Different forms of Immunotherapy may be given in different ways.
- Intravenous (IV): The Immunotherapy goes directly into a vein.
- Oral: The Immunotherapy comes in pills or capsules that you swallow.
- Topical: The Immunotherapy comes in a cream that you rub onto your skin. This type of Immunotherapy can be used for very early Skin Cancer.
- Intravesical: The Immunotherapy goes directly into the bladder.
Immunotherapy Work Against Cancer
As part of its normal function, the immune system detects and destroys abnormal cells and most likely prevents or curbs the growth of many cancers. For instance, immune cells are sometimes found in and around tumors. These cells, called tumor-infiltrating lymphocytes or TILs, are a sign that the immune system is responding to the tumor. People whose tumors contain TILs often do better than people whose tumors don’t contain them.
Even though the immune system can prevent or slow cancer growth, cancer cells have ways to avoid destruction by the immune system. For example, cancer cells may:
- Have genetic changes that make them less visible to the immune system.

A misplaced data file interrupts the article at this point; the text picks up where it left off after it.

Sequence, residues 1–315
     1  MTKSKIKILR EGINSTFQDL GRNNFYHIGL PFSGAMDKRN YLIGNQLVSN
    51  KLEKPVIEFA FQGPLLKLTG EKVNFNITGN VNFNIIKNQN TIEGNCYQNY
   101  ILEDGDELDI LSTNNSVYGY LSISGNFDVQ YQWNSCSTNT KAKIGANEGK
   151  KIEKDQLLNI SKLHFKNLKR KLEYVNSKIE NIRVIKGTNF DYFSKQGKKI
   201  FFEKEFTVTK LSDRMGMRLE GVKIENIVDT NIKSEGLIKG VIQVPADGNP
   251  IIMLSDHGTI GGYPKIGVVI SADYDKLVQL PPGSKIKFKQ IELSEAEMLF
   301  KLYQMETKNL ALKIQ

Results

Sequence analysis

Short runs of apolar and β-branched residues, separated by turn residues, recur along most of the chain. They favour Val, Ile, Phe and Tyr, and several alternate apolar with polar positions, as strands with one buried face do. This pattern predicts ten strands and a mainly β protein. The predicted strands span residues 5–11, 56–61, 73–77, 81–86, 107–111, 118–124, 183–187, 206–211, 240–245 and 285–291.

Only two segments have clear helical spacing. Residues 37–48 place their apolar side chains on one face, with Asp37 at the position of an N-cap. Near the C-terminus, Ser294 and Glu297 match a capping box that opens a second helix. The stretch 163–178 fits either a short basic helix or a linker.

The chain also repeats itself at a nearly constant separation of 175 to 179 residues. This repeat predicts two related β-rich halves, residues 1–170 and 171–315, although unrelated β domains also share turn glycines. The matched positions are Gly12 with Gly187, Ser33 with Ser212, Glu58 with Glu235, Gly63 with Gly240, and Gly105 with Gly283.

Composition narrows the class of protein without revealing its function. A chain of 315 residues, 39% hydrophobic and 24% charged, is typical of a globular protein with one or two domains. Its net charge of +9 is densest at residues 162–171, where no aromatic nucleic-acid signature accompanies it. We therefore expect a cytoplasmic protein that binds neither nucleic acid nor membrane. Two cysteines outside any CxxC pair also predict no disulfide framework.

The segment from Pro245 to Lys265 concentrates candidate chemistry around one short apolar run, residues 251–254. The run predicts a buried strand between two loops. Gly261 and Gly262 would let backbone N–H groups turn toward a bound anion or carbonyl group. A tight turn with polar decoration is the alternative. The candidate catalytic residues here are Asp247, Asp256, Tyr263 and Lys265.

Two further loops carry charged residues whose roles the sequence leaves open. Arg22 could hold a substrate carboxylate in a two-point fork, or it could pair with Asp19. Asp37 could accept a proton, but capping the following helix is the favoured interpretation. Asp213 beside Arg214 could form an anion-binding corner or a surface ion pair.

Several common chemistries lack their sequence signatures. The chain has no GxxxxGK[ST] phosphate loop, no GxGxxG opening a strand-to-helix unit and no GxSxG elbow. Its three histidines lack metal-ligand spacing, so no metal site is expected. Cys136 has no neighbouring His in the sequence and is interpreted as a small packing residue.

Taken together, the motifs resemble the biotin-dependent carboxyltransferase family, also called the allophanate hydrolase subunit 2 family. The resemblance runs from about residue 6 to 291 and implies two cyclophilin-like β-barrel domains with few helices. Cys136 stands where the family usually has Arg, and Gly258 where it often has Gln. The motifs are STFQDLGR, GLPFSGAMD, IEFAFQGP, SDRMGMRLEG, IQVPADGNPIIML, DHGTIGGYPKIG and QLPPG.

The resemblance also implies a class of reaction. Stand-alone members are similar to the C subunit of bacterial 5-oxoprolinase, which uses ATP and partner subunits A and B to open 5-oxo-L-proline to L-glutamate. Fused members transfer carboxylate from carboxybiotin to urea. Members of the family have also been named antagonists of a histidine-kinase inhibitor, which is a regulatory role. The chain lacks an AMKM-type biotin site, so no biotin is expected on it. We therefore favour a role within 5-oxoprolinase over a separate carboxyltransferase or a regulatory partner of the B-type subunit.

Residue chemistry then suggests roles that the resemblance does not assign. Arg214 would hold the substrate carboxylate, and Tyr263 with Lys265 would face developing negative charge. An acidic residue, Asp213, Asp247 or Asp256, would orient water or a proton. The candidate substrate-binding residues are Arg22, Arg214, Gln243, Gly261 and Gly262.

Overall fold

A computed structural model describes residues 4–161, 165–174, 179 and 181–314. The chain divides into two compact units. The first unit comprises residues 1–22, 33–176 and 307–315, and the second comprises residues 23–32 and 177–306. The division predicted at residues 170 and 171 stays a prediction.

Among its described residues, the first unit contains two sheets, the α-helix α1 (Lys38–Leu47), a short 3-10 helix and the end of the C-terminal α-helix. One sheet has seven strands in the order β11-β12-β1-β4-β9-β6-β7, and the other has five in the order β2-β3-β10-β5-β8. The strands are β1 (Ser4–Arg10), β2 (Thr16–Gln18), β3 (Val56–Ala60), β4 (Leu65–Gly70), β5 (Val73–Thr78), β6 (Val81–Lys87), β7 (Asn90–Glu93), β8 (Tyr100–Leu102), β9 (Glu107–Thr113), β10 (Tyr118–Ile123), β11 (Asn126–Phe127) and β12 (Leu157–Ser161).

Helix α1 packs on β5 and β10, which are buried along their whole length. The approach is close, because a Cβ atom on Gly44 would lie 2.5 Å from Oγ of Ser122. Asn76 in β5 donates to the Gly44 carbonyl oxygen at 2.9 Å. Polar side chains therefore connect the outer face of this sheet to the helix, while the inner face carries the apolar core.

- Have proteins on their surface that turn off immune cells.
- Change the normal cells around the tumor so they interfere with how the immune system responds to the cancer cells.
Immunotherapy helps the immune system to better act against cancer.
Certain immunotherapies work well when given alone. Others work better in combination with additional treatment strategies.
At present, the clinical use of Immunotherapy is largely restricted to the adjuvant treatment of Stage III and systemic treatment of Stage IV melanomas, although there is intense interest in evaluating Immunotherapy as neoadjuvant or adjuvant therapy for all stages.